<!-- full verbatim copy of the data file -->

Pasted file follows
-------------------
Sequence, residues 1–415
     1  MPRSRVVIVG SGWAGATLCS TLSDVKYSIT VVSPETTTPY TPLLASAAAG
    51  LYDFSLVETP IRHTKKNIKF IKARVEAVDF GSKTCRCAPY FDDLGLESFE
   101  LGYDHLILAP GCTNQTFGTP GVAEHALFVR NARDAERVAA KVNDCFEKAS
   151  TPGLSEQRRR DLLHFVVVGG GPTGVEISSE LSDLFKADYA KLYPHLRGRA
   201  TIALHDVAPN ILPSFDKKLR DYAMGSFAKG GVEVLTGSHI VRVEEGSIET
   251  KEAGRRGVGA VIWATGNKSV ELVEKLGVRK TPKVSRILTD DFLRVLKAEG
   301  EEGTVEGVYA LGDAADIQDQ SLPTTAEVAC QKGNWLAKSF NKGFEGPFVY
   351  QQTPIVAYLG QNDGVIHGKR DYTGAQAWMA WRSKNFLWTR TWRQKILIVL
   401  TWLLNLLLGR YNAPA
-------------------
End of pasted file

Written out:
Sequence, residues 1–415
     1  MPRSRVVIVG SGWAGATLCS TLSDVKYSIT VVSPETTTPY TPLLASAAAG
    51  LYDFSLVETP IRHTKKNIKF IKARVEAVDF GSKTCRCAPY FDDLGLESFE
   101  LGYDHLILAP GCTNQTFGTP GVAEHALFVR NARDAERVAA KVNDCFEKAS
   151  TPGLSEQRRR DLLHFVVVGG GPTGVEISSE LSDLFKADYA KLYPHLRGRA
   201  TIALHDVAPN ILPSFDKKLR DYAMGSFAKG GVEVLTGSHI VRVEEGSIET
   251  KEAGRRGVGA VIWATGNKSV ELVEKLGVRK TPKVSRILTD DFLRVLKAEG
   301  EEGTVEGVYA LGDAADIQDQ SLPTTAEVAC QKGNWLAKSF NKGFEGPFVY
   351  QQTPIVAYLG QNDGVIHGKR DYTGAQAWMA WRSKNFLWTR TWRQKILIVL
   401  TWLLNLLLGR YNAPA